On Monday, rap raconteur DJ Akademiks announced a partnership with rising media platform Rumble to live-stream exclusively on the platform three to five days a week. In a statement, Akademiks expressed, “I look forward to being one of the first to bring music and cultural conversations to a platform like Rumble. There have been many bad decisions at larger platforms where they haven’t put creators first, and they are disconnected from the community. I feel now is an inflection point for streaming platforms. I couldn’t be more excited to lead this effort on a platform that puts creators first.”
The Toronto-based company, which was founded in 2013, came to prominence recently after offering a platform to controversial podcaster Andrew Tate following his ban from YouTube and TikTok. The deal, for a show aptly titled Tatespeach, is reportedly worth millions. Earlier this year, the company announced an exclusive partnership with Donald Trump Jr. for a biweekly livestream show titled Triggered with Don Jr.. While some of its biggest stars are less overtly conservative, like Russell Brand or Glenn Greenwald, the site has become a haven for right-wing commentary thanks to its positioning as a counter to so-called “woke” platforms that often flag and remove content deemed to be harmful or to contain misinformation.
A Pew Research study found that 76% of people on the site “identify as Republicans or lean toward the Republican Party.” They surveyed 200 prominent Rumble accounts and found that 22% of them were previously banned from other sites. CEO Chris Pavlovski has said that with Rumble’s relatively hands-off moderation standards, he wants the service to differentiate itself from platforms that “embrace” so-called “cancel culture.”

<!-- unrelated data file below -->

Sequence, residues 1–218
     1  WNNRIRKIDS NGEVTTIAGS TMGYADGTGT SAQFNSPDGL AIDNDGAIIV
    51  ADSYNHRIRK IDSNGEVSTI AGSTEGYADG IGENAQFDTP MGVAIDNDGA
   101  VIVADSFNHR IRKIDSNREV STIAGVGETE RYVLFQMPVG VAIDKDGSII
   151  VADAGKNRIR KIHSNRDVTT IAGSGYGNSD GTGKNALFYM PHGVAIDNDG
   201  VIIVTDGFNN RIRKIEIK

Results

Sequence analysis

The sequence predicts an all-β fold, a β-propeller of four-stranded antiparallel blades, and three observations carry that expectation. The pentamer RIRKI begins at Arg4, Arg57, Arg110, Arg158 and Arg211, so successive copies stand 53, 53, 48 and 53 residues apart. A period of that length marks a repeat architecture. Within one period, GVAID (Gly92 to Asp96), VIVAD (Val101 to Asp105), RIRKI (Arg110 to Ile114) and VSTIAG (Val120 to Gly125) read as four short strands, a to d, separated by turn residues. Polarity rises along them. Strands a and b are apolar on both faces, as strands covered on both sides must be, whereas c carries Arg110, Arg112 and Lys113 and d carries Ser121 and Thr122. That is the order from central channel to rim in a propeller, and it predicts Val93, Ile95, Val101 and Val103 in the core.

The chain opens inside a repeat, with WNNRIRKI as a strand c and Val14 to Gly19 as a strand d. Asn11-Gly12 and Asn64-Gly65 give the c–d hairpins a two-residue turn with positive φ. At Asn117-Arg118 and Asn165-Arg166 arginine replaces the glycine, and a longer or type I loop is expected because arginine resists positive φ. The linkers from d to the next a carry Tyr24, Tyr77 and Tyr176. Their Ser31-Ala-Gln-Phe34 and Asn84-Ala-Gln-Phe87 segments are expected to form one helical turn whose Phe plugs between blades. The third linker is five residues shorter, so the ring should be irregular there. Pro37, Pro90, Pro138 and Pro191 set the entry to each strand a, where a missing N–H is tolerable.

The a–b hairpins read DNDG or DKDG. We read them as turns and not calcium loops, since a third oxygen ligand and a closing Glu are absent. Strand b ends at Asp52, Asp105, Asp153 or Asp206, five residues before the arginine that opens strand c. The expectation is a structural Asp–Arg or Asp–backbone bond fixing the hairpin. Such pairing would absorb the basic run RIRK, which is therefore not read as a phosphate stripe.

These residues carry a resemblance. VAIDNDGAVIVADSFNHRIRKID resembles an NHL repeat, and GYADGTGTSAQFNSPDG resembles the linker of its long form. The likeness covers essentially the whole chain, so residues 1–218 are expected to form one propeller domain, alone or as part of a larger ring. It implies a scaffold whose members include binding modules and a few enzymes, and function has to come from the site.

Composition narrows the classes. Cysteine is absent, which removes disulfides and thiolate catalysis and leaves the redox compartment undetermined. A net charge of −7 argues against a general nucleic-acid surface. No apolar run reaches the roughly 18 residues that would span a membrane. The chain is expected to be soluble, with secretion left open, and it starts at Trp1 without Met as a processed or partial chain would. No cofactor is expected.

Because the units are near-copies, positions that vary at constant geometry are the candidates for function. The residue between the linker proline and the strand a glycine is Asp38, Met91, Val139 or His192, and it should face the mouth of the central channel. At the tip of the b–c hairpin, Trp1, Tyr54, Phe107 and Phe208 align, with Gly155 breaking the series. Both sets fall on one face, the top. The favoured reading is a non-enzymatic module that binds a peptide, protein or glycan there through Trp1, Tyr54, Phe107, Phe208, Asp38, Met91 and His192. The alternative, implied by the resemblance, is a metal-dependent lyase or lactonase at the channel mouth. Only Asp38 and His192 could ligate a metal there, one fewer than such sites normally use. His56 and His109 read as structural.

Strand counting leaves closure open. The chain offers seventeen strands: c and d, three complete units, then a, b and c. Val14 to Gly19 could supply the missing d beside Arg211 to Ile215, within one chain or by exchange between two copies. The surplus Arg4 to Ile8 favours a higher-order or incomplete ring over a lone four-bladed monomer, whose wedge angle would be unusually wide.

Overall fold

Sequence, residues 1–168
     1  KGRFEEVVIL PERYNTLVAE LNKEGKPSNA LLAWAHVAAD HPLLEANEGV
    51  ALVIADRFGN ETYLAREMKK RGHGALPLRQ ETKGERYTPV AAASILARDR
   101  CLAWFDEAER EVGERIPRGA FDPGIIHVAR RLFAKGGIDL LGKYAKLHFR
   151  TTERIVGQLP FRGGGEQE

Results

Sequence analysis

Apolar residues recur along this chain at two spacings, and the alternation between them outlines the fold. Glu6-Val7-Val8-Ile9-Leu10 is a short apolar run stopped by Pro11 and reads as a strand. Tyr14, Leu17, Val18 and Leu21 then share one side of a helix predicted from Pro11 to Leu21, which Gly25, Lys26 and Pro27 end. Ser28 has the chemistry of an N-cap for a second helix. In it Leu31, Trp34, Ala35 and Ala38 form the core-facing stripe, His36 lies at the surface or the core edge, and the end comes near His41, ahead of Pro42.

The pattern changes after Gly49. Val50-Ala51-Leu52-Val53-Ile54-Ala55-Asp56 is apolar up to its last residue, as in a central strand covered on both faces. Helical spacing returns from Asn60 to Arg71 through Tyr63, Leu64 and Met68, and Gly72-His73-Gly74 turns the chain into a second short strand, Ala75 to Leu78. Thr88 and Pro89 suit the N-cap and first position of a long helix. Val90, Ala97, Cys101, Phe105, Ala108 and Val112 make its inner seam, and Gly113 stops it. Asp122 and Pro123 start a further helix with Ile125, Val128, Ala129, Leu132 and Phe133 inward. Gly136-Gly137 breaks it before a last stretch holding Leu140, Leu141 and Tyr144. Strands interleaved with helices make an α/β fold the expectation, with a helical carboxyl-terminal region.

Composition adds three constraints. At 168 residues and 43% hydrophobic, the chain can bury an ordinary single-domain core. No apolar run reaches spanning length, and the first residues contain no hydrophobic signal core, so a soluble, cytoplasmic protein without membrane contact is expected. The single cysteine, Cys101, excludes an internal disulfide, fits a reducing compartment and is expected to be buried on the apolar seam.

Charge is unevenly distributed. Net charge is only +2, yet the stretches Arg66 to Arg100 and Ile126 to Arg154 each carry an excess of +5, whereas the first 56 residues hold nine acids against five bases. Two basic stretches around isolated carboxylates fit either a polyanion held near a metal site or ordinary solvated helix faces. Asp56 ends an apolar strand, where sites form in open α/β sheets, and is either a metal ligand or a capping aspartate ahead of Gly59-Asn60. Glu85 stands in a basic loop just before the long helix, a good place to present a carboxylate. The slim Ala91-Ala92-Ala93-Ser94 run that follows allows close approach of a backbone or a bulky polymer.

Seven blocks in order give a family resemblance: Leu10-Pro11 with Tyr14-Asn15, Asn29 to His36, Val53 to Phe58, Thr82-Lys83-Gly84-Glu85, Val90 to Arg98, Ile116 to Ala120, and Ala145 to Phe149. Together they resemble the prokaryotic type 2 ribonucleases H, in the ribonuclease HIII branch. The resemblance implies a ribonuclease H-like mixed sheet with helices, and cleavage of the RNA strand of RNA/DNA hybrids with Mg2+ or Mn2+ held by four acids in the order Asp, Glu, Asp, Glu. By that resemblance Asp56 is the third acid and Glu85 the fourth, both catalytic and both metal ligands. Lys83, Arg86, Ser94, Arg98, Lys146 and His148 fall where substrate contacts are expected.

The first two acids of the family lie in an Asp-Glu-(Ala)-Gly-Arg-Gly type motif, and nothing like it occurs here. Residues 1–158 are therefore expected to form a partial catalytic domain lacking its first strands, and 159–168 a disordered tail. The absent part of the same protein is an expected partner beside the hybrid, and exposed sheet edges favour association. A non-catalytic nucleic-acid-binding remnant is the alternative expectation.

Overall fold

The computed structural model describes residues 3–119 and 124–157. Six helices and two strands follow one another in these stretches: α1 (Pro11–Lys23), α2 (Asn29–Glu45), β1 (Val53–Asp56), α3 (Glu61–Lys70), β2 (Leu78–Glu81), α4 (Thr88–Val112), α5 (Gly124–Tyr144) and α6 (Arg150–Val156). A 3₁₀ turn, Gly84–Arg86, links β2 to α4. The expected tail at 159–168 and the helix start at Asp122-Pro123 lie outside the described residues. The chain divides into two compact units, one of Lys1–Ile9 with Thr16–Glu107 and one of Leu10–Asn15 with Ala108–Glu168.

In a press release about Akademiks’ acquisition, Pavlovski said, “Akademiks is one of the most influential personalities in the hip-hop and cultural world. Having him on Rumble sends a big statement to the other platforms on how serious we are in getting into different channels of content, from sports to music to culture.” The deal also exemplifies how conservative-minded hip-hop media figures have become in 2023.
Hip-hop, as a community, is more conservative than many fans would like to admit. The recent documentary, Fight the Power: How Hip Hop Changed the World showed that there are many anti-establishment artists who deftly call out white supremacy and contribute to left-leaning causes. But too many artists in the major label orbit could be read as a lyrical tao right after Mitch Mcconnell’s heart: honoring profit above all, demeaning poor people, all while espousing misogynistic and anti-LGBTQ ideas. Even more overtly, rappers have been inching closer to conservatives for many years. It may seem incongruous to see Meek Mill hanging with Trump ally Robert Kraft; Kanye West joining forces with Nazi apologists and commentators like Candace Owens; or Lil Pump campaigning for Donald Trump, but the brand of capitalist patriarchy at the root of modern conservatism has long permeated hip-hop.
Perhaps it reached a fever pitch with the former President, who symbolized much of what mainstream rappers bragged about only to reveal how those traits are entangled with fascism. There was plenty of anti-Trump motion from the rap world, but his off-color energy and economy-first ethos appealed to a segment of hip-hop fans that ultimately aren’t that concerned with much more than money and bravado.
Akademiks, who previously streamed on Twitch, embodies the conservative shock jock as a reductive, adversarial, patriarchal figure, resolute on amplifying the worst stereotypes of Black people. In his “War In Chiraq” YouTube coverage, which is still up, he called Chicago “a cesspool of coons that live and breathe like cockroaches,” said that gentrification in Chicago was necessary because the young Black people there “aren’t human,” and proclaimed “you can’t tell me the difference between ‘Chiraq’ terrorists and the ISIS terrorist group.”